Fact-Checking Denniston’s “Constitution Check” on the Second Amendment

April 15th, 2014

The National Constitution Center has an excellent blog, Constitution Daily,  with lots of great features about our Constitution. I’ve written several pieces for them. But one feature really isn’t working for me. This is the “Constitution Check” section, authored by Lyle Denniston. It makes an attempt to emulate fact-checking sites like Politifact.

In a recent post titled “Constitution Check: Does the Second Amendment need to be amended?” Lyle considers Justice Stevens’s recent proposal to amend the Second Amendment (I’ve written about Stevens more times than I can count, so here I’ll focus on Denniston’s “Constitution Check.”)

Lyle writes:


There is an old saying about the Constitution that, like a lot of old sayings, is at least partly an exaggeration: “The Constitution is what the Supreme Court says it is.”  However, that is very close to the truth about the Second Amendment.

From its inclusion in the Constitution in 1791 until 2008, it was not understood to give Americans a personal right to have a gun.  And then it changed, in a profound way.

Prior to 2008, there was a public conversation – often, in academic writings funded by the National Rifle Association – about whether the Amendment should go beyond protecting the arming of state militias, to allow Americans to arm themselves for personal use.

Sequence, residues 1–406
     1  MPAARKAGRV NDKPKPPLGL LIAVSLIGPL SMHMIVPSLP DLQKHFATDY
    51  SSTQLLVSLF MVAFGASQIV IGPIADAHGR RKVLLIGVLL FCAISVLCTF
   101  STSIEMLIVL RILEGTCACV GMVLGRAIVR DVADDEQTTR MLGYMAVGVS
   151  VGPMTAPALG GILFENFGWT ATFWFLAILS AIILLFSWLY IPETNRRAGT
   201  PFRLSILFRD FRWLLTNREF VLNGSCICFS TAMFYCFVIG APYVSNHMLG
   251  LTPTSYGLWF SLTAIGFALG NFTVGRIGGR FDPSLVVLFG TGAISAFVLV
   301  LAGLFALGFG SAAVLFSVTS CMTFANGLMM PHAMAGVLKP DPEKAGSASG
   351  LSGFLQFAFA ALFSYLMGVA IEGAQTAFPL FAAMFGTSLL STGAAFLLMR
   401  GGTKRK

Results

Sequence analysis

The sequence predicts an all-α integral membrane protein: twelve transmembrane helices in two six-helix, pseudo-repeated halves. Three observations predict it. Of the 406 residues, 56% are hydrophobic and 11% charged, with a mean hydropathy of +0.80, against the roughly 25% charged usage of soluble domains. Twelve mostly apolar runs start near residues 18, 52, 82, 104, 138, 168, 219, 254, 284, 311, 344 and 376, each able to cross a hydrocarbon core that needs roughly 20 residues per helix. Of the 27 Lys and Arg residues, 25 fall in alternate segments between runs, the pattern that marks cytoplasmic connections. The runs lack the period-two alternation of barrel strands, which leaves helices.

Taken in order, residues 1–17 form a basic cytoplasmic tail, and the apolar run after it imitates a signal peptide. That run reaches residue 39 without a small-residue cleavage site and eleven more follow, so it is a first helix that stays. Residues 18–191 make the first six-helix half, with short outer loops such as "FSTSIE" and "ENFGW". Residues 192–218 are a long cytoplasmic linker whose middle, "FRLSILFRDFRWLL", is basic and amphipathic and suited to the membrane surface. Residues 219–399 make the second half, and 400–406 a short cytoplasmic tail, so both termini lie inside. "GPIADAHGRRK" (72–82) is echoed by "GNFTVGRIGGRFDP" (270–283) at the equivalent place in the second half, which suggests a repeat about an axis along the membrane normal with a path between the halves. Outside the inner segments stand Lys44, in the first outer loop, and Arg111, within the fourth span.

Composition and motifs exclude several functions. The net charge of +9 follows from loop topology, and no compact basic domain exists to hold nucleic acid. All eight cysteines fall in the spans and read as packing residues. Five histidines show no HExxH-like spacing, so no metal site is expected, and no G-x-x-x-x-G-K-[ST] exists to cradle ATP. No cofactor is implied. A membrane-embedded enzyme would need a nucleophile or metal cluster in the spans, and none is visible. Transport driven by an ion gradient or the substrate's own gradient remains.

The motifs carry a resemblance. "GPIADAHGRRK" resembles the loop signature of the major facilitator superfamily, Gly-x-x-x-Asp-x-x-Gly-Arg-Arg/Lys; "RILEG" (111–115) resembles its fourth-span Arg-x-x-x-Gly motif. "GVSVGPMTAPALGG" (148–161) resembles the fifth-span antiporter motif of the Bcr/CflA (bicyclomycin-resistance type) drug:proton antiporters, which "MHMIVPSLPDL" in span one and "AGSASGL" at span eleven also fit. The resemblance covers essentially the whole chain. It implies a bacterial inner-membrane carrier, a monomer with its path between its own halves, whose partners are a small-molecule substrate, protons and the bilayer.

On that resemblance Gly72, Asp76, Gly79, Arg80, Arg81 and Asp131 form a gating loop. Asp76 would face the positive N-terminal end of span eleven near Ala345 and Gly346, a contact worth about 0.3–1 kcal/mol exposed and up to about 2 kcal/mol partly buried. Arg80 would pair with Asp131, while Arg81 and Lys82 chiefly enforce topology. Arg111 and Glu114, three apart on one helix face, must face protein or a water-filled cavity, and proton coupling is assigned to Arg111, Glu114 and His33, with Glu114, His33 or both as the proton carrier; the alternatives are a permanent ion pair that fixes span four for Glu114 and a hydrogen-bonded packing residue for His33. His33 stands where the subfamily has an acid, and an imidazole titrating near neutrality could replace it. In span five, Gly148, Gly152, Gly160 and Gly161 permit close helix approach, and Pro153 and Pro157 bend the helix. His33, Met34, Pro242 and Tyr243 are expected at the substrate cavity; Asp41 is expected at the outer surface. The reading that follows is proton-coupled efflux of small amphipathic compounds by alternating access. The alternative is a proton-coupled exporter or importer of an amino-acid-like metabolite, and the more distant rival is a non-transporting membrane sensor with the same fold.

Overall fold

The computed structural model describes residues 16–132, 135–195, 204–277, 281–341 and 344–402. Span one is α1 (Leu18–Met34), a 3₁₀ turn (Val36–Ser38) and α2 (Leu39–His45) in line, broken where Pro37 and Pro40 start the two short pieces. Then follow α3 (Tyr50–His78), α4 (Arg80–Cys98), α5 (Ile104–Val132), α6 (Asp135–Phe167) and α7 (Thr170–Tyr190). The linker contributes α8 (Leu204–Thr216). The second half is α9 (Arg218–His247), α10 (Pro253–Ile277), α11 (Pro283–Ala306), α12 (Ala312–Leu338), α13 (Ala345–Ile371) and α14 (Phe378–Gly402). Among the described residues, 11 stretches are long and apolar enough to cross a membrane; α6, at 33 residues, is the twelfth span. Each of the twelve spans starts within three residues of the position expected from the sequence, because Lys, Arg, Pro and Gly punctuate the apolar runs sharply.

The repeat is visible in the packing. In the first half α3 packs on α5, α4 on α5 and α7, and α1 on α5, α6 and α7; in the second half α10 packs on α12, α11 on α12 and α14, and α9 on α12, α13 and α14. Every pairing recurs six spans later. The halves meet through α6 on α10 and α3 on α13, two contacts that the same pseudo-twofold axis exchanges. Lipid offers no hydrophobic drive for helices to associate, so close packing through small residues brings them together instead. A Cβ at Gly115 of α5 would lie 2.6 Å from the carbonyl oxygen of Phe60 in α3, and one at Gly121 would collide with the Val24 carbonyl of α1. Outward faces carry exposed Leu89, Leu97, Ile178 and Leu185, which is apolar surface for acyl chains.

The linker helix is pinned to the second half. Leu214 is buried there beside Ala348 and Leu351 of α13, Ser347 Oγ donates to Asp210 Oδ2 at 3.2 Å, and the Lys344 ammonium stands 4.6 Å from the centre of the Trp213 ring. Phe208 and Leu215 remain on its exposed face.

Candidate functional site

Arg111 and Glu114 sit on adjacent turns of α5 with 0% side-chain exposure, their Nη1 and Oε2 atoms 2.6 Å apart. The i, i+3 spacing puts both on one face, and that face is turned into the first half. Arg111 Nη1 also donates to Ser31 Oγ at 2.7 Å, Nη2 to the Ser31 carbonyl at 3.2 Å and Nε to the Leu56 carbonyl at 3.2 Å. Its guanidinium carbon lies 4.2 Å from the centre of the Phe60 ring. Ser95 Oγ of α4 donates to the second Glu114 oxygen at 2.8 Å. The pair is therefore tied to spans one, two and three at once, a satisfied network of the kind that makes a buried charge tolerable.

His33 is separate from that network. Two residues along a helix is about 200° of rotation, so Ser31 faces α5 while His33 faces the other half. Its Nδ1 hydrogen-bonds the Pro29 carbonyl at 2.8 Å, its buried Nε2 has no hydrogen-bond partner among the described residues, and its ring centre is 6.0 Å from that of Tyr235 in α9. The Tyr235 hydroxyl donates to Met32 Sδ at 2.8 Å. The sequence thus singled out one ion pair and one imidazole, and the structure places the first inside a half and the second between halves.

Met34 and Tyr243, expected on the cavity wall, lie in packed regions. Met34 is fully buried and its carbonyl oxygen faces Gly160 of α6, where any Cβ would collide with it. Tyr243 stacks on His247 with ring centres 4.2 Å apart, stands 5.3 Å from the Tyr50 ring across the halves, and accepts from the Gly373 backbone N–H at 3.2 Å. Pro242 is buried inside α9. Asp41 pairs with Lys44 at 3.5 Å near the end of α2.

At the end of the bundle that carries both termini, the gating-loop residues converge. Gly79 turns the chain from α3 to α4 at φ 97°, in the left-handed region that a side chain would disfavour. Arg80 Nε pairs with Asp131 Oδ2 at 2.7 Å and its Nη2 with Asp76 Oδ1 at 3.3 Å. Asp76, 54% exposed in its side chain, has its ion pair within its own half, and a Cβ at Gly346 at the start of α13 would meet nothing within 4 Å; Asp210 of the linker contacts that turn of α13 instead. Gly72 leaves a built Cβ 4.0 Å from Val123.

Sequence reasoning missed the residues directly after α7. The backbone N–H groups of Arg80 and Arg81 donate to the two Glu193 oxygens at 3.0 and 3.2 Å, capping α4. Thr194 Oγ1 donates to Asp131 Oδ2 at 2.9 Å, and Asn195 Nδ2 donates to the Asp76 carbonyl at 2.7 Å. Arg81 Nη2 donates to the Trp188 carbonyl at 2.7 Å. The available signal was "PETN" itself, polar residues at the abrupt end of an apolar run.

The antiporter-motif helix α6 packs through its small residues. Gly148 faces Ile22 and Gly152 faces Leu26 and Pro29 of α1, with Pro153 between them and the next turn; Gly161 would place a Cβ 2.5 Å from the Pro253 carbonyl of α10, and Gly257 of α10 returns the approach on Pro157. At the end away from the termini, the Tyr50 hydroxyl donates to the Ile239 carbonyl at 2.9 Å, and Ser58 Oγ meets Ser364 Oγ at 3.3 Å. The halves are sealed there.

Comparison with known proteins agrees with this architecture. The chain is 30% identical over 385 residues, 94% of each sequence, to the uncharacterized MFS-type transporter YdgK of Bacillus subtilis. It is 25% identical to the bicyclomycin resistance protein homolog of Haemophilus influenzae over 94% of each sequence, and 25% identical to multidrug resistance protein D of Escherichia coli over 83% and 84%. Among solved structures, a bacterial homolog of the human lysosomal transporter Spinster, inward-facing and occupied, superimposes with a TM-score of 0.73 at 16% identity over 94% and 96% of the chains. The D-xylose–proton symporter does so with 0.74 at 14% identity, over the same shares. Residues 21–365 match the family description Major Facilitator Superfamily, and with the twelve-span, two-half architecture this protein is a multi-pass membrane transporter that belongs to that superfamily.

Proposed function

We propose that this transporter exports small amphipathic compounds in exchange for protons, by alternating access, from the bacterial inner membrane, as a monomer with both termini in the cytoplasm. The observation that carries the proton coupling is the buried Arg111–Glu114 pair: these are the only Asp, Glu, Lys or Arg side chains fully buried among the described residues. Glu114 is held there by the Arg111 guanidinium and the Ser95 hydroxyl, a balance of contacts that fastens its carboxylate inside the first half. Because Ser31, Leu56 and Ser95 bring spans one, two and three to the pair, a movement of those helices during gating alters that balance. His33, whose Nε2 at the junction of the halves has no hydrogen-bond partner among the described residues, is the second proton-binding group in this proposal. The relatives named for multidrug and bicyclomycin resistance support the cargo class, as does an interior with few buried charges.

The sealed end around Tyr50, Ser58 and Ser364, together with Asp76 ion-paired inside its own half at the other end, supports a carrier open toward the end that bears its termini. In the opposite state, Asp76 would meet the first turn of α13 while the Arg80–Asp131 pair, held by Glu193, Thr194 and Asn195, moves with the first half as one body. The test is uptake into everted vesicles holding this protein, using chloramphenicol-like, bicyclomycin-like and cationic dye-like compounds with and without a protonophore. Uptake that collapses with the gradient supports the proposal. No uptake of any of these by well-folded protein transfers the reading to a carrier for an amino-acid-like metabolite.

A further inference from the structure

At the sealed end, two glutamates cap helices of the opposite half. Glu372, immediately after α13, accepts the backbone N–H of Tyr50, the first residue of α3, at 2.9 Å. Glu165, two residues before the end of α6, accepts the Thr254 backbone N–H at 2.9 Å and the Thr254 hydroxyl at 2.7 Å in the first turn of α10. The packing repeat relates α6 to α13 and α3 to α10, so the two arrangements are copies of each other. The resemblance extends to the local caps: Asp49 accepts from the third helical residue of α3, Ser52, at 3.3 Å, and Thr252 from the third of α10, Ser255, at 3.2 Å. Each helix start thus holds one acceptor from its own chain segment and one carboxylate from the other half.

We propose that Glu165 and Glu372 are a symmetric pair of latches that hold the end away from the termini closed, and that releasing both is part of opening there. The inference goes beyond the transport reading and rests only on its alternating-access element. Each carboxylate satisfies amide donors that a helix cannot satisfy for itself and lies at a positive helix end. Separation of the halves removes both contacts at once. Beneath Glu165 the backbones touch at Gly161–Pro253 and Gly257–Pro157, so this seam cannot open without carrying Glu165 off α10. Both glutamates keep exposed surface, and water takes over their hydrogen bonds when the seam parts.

I have serious objections with this introduction. It is not written in a neutral or balanced way. If you purport to be writing some kind of objective, journalistic approach to the Constitution, this is not how you do it. What is most strikingly missing is ANY reference whatsoever to the facts supporting the other side of the debate. It is entirely one-sided. 

For starters, this statement is false:

From its inclusion in the Constitution in 1791 until 2008, it was not understood to give Americans a personal right to have a gun.  And then it changed, in a profound way.

Now, it would be fair to say that the original meaning of the Second Amendment is controversial, and that many people offer differing accounts of what that right is. But this blanket statement, without any nuance, is wrong. I could provide books upon books of sources to show that contemporary thinkers in the 18th, 19th and early 20th century thought the right to keep and bear arms was an individual right. Justice Scalia chronicles them at great length.  And Justice Stevens provides other historical sources to say the history cuts the other way. A responsible “Constitution Check” would have to, at least mention both sources. An uninformed reader would believe that the right is simply made up out of whole cloth.

The post elides over this history, and only notes that the “public conversation” was often in “academic writings funded by the National Rifle Association.” I’m sure Lyle would not include in this group the works of Sandy Levinson, who authored the pathbreaking “The Embarrassing Second Amendment,” finding that the Second Amendment was in fact an individual right. Many prominent left-of-center academics came to the (uncomfortable) conclusion that the Second Amendment is an individual right (though they would find the law in Heller constitutional).

I appreciate the fact that the Second Amendment is controversial. I’ve written a lot about it, and spoken on the topic in front of legal, and non-legal audiences. Reasonable people can disagree on this topic. But making such unbalanced statements, without nuance, is a disservice to a blog post purporting to cite check the Constitution.